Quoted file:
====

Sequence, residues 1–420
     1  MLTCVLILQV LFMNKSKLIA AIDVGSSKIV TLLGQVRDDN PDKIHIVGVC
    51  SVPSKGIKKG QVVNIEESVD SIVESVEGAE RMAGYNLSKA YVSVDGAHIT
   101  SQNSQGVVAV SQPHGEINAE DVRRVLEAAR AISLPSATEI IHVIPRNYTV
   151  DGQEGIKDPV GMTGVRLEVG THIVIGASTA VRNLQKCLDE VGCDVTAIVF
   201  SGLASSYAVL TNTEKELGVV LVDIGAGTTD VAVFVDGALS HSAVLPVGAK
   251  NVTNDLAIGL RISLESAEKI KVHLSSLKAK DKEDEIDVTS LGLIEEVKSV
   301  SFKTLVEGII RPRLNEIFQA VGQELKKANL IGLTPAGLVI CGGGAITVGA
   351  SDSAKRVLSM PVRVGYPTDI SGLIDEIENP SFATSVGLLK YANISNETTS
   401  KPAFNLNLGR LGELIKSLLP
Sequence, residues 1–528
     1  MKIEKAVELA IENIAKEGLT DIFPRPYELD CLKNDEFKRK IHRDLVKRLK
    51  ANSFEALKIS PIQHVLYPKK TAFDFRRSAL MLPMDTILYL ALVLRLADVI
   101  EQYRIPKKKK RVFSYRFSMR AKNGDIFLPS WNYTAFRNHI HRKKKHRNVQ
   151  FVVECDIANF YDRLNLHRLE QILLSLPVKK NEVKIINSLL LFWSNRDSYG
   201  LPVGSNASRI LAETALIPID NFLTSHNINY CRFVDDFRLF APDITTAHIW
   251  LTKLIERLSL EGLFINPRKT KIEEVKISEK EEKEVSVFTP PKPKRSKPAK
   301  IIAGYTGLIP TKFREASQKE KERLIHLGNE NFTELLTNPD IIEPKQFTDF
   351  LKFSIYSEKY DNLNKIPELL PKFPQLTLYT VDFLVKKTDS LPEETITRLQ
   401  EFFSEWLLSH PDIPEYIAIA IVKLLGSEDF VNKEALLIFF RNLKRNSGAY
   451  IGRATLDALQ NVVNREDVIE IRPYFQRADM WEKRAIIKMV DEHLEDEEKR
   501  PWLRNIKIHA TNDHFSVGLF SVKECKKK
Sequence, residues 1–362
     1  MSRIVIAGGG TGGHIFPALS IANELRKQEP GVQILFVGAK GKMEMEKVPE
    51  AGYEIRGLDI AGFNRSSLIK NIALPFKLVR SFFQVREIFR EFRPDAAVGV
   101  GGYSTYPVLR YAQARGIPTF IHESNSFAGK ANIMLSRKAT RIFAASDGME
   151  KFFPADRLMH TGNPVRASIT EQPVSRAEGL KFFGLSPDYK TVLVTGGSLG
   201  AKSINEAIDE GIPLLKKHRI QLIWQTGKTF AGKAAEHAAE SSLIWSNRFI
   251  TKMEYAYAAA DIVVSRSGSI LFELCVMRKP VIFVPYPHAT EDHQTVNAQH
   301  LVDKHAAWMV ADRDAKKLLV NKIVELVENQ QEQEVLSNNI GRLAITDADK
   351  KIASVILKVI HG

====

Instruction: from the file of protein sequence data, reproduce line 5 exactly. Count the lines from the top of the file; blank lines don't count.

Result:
   151  DGQEGIKDPV GMTGVRLEVG THIVIGASTA VRNLQKCLDE VGCDVTAIVF